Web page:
The hdf5-json code is here: https://github.com/HDFGroup/hdf5-json and docs are 
here:  http://hdf5-json.readthedocs.io/en/latest/.

The package is both a library of HFD5 <-> JSON conversion functions and some 
simple scripts for converting HDF5 to JSON and vice-versa.  E.g.
$ python h5tojson.py –D <hdf5-file>
outputs JSON minus the dataset data values.

While it may not be the most elegant JSON schema, it’s designed with the 
following goals in mind:

1.       Complete fidelity to all HDF5 features (i.e. the goal is that you 
should be able to take any HDF5 files, convert it to JSON, convert back to HDF5 
and wind up with a file that is semantically equivalent to what you started 

2.       Support graphs that are not acyclic.  I.e. a group structure like 
<root> links with A, and B.  And A and B links to C.  The output should only 
produce one representation of C.
Since NetCDF doesn’t use all these features, it’s certainly possible to come up 
with something simpler for just netCDF files.

Suggestions, feedback, and pull requests are welcome!


From: Chris Barker <chris.bar...@noaa.gov>
Date: Friday, October 14, 2016 at 12:32 PM
To: Pedro Vicente <pedro.vice...@space-research.org>
Cc: netCDF Mail List <netcdfgr...@unidata.ucar.edu>, Charlie Zender 
<zen...@uci.edu>, John Readey <jrea...@hdfgroup.org>, HDF Users Discussion List 
<hdf-forum@lists.hdfgroup.org>, David Pearah <david.pea...@hdfgroup.org>
Subject: Re: [netcdfgroup] How to dump netCDF to JSON?


When I first started reading this thread, I thought "there should be a spec for 
how to represent netcdf in JSON"

and then I read:

1) The specification to convert netCDF/HDF5 to "a" JSON format (note the "a" 

Awesome -- that's exactly what we need -- as you say there is not one way to 
represent netcdf data in JSON, and probably far more than one "obvious" way.

Without looking at your spec yet, I do think it should probably look as much 
like CDL as possible -- we are all familiar with that.

(why Python? HDF5 developer tools should be all about writing in C/C++)

Because Python is an excellent language with which to "drive" C/C++ libraries 
like HDF5 and netcdf4. If I were to do this, I'd sure use Python. Even if you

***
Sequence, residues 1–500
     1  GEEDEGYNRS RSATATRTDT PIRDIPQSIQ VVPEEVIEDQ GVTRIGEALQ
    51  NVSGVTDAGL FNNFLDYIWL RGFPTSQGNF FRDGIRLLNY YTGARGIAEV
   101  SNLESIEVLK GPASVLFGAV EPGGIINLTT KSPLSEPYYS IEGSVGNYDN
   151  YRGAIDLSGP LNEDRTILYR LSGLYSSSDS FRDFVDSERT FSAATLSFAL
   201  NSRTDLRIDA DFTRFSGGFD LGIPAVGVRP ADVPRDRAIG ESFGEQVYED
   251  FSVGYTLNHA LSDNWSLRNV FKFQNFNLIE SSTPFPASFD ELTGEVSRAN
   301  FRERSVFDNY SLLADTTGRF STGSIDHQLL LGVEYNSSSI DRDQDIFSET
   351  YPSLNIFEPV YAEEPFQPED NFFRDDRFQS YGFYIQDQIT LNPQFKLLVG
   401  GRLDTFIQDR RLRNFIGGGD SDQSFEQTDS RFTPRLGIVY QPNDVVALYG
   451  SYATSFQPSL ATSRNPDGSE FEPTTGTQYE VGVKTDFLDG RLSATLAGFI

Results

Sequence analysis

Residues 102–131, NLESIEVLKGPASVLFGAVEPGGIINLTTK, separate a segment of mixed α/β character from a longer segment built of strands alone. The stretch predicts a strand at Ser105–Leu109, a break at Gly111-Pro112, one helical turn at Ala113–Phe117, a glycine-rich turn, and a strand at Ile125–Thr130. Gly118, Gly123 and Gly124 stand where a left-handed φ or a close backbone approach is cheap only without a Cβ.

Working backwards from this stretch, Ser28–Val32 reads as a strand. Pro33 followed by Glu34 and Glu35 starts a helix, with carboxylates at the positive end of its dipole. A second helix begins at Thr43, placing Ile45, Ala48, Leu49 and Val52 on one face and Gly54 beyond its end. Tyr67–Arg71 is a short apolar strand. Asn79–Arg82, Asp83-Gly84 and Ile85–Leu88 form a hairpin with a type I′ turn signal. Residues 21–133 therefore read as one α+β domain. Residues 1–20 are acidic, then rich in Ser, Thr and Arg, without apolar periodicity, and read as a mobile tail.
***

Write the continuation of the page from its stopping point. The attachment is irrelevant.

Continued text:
want to get to a C++ implementation eventually, you'd probably benefit from 
prototyping and working out the kinks with a Python version first.

But whoever is writing the code....

The specification is here


Just took a quick look -- nice start.

I've only used HDF through the netcdf4 spec, so there may be richness needed 
that I'm missing, but my first thought is to a make greater use of "objects" in 
JSON (key-value structures, hash tables, dicts in python), rather than array 
position for heterogeneous structures. For instance, you have:

 a dataset

"dset1" : ["dataset", "STAR_INT32", 2, [3, 4], [1, 2, 3, 4, 5, 6, 7, 8, 9, 10, 
11, 12]]

I would perhaps do that as something like:

"dset1":{"object_type": "dataset",
         "dtype": "INT32"
         "rank": 2,
         "dimensions": [3,4],
         "data": [[1,2,3,4],


* I used nested arrays, rather than flattening the 2-d array -- this maps 
nicely to things like numpy arrays, for example -- not sure about the C++ 
world. (you can flatten and un-flatten numpy arrays easily, too, but this seems 
like a better mapping to the structure) And HDF is storing this all in chunks 
and who knows what -- so it's not a direct mapping to the memory layout anyway.

* Do you need "rank"? -- can't you check the length of the dimensions array?

* Do you  need "object_type" -- will it always be a dataset? Or you could have 
something like:

"datasets": {"dset1": {the actual dataset object},
             "dset2": {another dataset object},

Then you don't need object_type or a name

(BTW, is a "dataset" in HDF the same thing as a "variable" in netcdf?)

I would like to make this some kind of "official" netCDF/HDF5 JSON format for 
the community, so I encourage anyone to read the specification

If you see any flaw in the design or anything in the design that you would like 
to have change please let me know now

done :-)

It would be really great to have this become an "official" spec -- if you want 
to get it there, you're probably going to need to develop it more out in the 
open with a wider community. These lists are the way to get that started, but I 

1) put it up somewhere that people can collaborate on it, make suggestions, 
capture the discussion, etc. gitHub is one really nice way to do that. See, for 
example the UGRID spec project:


(NOTE that that one got put on gitHub after there was a pretty complete draft 
spec, so there isn't THAT much discussion captured. But also note that that is 
too bad -- there is no good record of the decision process that led to the spec)

At the moment it only (intentionally) uses common generic features of both 
netCDF and HDF5, which are the numeric atomic types and strings.

Good plan.



Christopher Barker, Ph.D.

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